But of course, there are hurdles the industry needs to overcome first.
More, Faster, Better
Sensor networks exist today, but more are needed to harness more data more regularly. Hollywood has encouraged big misconceptions about satellite imagery. Nobody's staring at a particular location in real-time. There are not daily or hourly revisits over locations. The reason is only a fraction of satellites are used for imaging and sensors, and those that are tend to be expensive to use or task in real time.
The faster the industry equips the planet and space, the sooner it’ll be possible to do more interesting things and gather more valuable insights from the data. More sensor networks mean more data, which will open up entirely new avenues of invention and innovation that currently cannot be imagined. Fascinating stuff, right?
As sensor networks proliferate, another piece of the puzzle will be getting organizations to understand how accessing GIS and geospatial information can impact a business. As awareness grows, the industry will uncover caveats of businesses. For example, many businesses and decision makers, like insurance adjusters or supply chain managers, need real-time location insights to be most effective. Real-time visibility is only made possible with persistence. That is, the GIS technology needs to gather persistent imagery. Organizations need to be able to look at images on a frequent cadence in order to measure change in a business cycle, which could be multiple times per day or per week.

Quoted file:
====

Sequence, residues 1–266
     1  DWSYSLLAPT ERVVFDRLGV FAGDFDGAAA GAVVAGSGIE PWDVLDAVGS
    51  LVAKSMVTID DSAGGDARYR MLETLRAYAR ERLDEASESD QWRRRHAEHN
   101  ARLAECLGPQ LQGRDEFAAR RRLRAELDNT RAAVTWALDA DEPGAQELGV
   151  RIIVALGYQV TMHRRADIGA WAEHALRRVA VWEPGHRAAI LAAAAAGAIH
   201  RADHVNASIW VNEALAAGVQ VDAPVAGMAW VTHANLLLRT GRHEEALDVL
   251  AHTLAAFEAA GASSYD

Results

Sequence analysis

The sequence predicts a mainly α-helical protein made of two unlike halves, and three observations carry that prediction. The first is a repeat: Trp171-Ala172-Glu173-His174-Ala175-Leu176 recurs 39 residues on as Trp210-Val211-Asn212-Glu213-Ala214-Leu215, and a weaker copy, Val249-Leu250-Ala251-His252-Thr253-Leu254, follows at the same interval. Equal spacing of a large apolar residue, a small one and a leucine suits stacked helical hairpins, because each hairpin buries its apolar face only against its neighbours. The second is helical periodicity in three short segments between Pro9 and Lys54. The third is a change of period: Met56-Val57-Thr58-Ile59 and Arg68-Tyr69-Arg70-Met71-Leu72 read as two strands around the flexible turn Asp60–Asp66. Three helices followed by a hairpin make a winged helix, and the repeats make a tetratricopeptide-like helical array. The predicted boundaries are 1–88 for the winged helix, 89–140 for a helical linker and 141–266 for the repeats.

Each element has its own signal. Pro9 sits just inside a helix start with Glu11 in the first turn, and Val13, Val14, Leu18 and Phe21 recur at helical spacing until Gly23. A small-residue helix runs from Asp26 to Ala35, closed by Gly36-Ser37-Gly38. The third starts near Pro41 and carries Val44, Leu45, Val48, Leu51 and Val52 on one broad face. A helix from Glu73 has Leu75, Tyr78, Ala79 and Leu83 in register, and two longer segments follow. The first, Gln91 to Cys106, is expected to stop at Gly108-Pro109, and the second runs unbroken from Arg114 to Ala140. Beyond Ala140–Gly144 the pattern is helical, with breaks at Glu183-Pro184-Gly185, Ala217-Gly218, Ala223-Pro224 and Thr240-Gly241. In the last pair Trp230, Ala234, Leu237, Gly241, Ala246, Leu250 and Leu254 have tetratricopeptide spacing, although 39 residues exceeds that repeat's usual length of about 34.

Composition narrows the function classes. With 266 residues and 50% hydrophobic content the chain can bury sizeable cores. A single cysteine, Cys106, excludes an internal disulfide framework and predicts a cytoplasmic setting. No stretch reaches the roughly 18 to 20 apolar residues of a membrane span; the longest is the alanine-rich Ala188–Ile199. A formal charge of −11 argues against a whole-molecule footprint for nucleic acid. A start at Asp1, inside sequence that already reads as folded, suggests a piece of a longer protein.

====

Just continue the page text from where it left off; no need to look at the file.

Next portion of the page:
That’s not happening today. Some location services, like mapping programs, may not get updated more than three to five times a year, or on an annual time cycle. There are exceptions, but even then, it tends to be once a month. Being able to monitor a particular facility and request at least one image of it once a month, is actually a pretty big stretch for today's providers.
Sensor networks are the key to unlocking this next information age, but the reality is that the industry is a long way from the proliferation of data, and thus the next information age, being possible.
Bureaucracy and institutional inertia likely bog down most companies. It’s the startups that are nimble enough to address the industry need. Their efforts will result in a development period that is measured in days and weeks, not months and years. There are computing techniques and methods, such as agile development or minimum viable products, which allow startups to incubate ideas very quickly.
The good news is the industry is heading in the right direction with many pilots and successful programs in play. While we’re still in the early stages of geospatial technology, the mainstreaming will happen. In fact, consumer geospatial technology has helped pave the way. People now don’t think twice about looking up a restaurant on Google Maps or looking at home pictures in Zillow; that’s all part of mainstreaming the technology. As consumers come to expect the capability, it will open up people's eyes -- especially those in business.
Scott Herman is the vice president of product development with BlackSky.